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Thursday 6 July 2023 12:38pm


Dr Nathan Kenny and his collaborators have just been awarded a Catalyst Seeding grant to find out how blue pigment could protect royal blue sea stars from stressful environmental conditions.

Starfish, beloved creatures of the sea, are not actually fish. They are a type of echinoderm, closely related to sea urchins and sand dollars. Thus scientists prefer to call them sea stars, but maybe this is still a misnomer, because unlike stars that we look at in the sky, these creatures come in different colours.

Blue sea stars (Linckia laevigata) live in shallow waters across the tropical Indo-Pacific, and as the name states, often come in a beautiful royal blue colour, but can also appear in yellow, grey, purple, and other forms.

“Sea stars often possess beautiful and disparate colours, which are established by their genetic background and environment in ways that we are only just beginning to understand,” Nathan says.

The pigments of these sea stars consist of carotenoproteins - complexes of protein with carotenoid molecules, which are powerful antioxidants.

Scientists have found that antioxidant activity is greater in royal blue than in yellow-orange pigments. Also, the blue sea stars are more common in shallow water where they are more exposed to sunlight. Nathan's team thinks that the pigment helps the sea stars cope with oxidative damage, allowing them to tolerate extreme temperature and UV levels.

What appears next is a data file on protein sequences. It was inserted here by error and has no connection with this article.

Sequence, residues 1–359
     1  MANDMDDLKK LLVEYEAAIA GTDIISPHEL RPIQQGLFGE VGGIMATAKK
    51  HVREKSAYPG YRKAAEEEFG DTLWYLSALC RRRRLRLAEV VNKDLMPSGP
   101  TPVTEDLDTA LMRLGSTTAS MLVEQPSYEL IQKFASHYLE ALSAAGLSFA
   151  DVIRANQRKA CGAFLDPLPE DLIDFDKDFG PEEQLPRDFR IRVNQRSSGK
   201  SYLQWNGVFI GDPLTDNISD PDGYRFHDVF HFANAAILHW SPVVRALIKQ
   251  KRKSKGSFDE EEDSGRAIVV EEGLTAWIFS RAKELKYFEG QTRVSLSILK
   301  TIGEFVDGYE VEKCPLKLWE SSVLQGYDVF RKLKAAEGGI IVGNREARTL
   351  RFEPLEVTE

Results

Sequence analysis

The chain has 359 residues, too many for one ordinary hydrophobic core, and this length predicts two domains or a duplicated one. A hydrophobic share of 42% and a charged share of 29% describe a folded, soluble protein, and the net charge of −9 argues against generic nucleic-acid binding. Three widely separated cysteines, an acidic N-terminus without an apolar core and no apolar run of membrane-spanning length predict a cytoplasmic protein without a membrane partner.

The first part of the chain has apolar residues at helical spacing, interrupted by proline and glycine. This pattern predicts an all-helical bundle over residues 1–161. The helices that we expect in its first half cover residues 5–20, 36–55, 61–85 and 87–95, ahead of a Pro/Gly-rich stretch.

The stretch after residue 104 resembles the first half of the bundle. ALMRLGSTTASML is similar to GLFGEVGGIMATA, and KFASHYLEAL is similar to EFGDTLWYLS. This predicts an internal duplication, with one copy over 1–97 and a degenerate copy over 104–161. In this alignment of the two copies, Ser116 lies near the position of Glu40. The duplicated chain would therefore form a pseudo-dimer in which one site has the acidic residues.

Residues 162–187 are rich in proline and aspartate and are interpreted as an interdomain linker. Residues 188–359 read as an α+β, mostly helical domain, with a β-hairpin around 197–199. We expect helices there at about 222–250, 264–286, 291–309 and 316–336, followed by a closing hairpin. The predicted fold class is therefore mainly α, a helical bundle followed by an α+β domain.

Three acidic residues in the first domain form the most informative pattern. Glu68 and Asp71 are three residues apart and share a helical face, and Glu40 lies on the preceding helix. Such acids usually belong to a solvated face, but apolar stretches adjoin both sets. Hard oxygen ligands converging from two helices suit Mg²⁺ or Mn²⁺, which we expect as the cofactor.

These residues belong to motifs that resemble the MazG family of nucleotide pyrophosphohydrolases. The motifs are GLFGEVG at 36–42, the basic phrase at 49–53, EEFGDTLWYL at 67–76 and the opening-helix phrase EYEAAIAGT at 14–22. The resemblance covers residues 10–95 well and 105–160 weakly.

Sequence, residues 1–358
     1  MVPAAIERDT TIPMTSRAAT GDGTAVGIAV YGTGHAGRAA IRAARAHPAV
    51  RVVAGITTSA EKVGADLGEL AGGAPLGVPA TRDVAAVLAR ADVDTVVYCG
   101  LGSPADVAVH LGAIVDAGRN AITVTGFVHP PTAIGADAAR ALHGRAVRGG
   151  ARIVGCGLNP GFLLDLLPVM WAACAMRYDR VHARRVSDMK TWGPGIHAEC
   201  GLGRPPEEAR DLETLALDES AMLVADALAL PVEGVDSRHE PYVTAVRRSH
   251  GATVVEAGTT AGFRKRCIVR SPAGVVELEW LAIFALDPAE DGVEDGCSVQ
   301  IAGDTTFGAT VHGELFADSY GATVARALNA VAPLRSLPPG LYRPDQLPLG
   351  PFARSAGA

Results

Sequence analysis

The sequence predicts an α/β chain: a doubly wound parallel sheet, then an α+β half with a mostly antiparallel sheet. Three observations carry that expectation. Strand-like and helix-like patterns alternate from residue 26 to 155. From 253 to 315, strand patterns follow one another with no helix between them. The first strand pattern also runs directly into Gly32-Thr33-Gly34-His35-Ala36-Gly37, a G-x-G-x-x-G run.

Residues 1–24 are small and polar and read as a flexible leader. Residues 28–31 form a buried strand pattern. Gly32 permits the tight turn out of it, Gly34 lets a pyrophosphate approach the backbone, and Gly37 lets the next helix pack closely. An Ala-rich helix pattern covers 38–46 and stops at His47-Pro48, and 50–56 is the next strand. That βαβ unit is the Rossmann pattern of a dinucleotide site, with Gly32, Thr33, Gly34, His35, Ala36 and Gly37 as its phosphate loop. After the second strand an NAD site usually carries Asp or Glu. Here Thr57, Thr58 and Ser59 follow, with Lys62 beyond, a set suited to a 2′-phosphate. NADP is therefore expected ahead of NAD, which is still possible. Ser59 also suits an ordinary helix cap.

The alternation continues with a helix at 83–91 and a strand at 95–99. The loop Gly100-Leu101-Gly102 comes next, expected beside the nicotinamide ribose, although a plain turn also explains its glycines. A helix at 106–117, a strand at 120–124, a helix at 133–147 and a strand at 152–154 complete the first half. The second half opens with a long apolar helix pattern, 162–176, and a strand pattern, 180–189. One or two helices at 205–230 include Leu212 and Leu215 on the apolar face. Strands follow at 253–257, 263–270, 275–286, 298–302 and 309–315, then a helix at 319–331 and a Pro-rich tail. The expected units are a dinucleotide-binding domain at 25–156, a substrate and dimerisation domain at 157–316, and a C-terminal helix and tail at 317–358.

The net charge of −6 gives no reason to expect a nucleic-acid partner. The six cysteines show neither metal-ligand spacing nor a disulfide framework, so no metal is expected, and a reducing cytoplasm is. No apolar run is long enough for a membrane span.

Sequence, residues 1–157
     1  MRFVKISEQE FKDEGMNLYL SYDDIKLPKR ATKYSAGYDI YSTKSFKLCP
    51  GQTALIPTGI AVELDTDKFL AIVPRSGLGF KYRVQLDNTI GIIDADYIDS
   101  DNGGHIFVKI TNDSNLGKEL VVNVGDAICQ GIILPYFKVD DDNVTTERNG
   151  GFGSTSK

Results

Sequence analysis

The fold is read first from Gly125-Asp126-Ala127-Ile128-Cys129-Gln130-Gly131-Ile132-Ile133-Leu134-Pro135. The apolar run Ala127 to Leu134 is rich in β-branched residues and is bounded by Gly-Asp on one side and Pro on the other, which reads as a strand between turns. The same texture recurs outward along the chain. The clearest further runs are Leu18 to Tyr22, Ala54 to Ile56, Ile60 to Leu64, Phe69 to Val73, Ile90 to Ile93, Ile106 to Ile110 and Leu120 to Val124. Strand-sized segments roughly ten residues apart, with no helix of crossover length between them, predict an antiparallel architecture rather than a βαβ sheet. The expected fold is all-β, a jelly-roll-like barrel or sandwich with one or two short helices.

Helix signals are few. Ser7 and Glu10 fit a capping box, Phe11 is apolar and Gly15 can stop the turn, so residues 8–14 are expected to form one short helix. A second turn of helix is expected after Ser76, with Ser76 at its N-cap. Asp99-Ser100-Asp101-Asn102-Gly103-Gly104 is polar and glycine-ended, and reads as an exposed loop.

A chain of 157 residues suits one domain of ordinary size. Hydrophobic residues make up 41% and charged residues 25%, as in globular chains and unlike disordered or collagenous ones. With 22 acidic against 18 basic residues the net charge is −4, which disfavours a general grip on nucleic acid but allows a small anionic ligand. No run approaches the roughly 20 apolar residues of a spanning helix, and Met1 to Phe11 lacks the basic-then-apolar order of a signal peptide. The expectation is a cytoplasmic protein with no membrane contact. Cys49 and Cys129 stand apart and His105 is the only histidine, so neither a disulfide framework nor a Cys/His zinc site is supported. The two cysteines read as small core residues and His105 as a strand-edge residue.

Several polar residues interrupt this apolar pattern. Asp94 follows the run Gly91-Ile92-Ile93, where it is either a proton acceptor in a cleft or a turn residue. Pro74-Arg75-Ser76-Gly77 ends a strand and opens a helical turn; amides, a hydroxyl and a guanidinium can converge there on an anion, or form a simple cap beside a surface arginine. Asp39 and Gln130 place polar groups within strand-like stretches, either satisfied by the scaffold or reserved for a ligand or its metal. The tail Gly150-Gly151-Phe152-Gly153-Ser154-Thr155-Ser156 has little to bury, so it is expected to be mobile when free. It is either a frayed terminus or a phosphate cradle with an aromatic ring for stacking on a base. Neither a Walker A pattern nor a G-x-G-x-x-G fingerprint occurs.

However, the genes and proteins that underlie sea star pigmentation, and how it links to their ecology and resilience, are not well understood.

Nathan has pulled together an international network of collaborators from New Zealand, the UK, Australia and Japan to examine sea star colour in detail, with expertise in genomics, protein biochemistry, biogeography, ecology and behaviour.

In the Otago Biochemistry Department, protein biochemist Dr Matthias Fellner will also be involved, and he and Nathan will co-supervise PhD student Caleb Trimble who will carry out some of the molecular analyses linking genotype to phenotype using comparative genomics and protein biochemistry.

This is only the beginning of a comprehensive research project, building on work begun at the Natural History Museum in London by Dr Suzanne Williams, one of the project's collaborators. Initially the team aims to demonstrate a link between individual pigments and the biochemical properties which allow animals to survive in extreme conditions.

After this, the team has many other aims: to find out the effect of individual colours on adaptation and ecology, how colour has evolved, and how other animals (of a variety of hues) will be affected by climate change in the near future.

“We anticipate that the knowledge we gain will inform policy and conservation decision making in a range of species,” Nathan says.

Above image. Left from top to bottom: Dr Nathan Kenny, Dr Matthias Fellner, Caleb Trimble. Right: Linckia laevigata - Blue sea star, Tonga islands (Dr Scott Mills | CC BY-SA 2.0)

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